Unfortunately, there is nothing consistent. Media players will manage the color in different ways and that’s what you are struggling with. If you export an MP4 and play it back through a media player like Switch, you will see an image that’s largely reliable. It won’t necessarily look like the image looks in the Premiere Pro viewer nor on YouTube, Vimeo, TikTok, Facebook, Instagram, etc. That’s unfortunately just the way it is. When editors only dealt with broadcast TV, there was generally a common standard that everyone tried to achieve. Online content is a whole different ballgame.
Great article. I ran into this when finishing a PP project this week. (Usually, I work in Avid, or someone else does the finishing.) My display was set to Rec. 709 Gamma 2.4; Media Encoder made H.264 deliverables that were a bit washed out no my dipslay. I tried the QT Gamma Compensation.cube fix, and it worked well. Unfortunately, when I delivered the files (for web, not TV) the client thought they were too dark; basically, all the people doing approvals used computer monitors set to the default.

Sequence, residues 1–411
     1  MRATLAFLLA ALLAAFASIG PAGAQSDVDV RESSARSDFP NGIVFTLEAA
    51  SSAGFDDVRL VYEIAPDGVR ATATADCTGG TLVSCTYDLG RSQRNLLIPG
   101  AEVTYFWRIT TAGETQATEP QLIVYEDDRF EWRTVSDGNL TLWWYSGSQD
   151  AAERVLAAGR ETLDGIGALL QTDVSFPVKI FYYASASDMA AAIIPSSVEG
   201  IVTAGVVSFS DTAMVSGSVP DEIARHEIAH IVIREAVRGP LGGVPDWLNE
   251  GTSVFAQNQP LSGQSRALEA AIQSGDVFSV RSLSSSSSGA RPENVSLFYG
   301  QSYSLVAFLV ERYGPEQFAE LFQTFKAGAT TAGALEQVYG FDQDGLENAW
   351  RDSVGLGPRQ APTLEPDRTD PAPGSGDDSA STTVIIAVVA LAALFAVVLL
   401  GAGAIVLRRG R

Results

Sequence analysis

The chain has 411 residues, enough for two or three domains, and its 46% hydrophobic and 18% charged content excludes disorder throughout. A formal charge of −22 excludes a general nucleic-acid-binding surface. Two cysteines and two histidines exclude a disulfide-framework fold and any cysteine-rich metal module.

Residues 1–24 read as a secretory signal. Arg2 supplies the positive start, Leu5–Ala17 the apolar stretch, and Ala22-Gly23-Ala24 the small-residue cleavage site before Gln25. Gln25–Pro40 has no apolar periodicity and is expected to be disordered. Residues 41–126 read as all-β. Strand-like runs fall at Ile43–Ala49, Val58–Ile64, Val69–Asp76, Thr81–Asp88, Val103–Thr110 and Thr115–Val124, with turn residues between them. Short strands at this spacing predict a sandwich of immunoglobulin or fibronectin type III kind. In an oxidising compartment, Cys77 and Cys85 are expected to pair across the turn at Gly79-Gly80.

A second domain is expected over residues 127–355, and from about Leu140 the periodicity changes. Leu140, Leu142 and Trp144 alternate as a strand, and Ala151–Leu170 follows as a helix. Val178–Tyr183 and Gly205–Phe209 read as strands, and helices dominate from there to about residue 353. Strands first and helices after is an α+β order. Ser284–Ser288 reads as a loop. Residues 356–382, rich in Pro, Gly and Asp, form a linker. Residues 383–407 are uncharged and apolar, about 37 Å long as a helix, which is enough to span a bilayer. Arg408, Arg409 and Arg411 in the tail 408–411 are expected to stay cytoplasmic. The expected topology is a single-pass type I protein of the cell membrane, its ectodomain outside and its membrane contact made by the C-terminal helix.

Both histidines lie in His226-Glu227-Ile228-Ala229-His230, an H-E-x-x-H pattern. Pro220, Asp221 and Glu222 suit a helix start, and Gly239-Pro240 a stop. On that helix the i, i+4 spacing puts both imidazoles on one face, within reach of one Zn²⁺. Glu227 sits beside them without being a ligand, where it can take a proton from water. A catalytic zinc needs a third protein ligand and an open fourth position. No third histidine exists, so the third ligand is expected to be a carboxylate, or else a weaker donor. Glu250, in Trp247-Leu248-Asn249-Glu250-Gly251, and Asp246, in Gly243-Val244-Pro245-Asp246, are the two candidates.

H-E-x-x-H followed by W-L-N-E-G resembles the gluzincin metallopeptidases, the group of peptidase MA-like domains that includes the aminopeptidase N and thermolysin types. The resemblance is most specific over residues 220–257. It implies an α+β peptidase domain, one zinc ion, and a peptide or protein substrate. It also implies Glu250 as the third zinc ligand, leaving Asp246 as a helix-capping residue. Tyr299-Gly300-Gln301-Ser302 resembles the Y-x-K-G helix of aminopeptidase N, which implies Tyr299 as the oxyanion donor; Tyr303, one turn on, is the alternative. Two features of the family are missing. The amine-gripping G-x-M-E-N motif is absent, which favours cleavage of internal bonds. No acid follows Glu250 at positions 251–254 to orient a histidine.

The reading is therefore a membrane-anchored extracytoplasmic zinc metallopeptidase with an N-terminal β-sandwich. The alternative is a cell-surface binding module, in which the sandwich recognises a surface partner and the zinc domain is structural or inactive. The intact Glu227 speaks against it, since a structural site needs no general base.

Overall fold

So I tested several workflows. The one that gives a great match is to set my display (MacBook Pro) to the Apple Color LCD default, color-grade with Lumetri, then apply the gamma-compensation LUT in Media Encoder. Now the deliverables looked perfect on a computer set to the Apple default — just like I saw in the Premiere monitor when color grading. As long as the deliverables are for the web, I don’t see a problem with that workflow.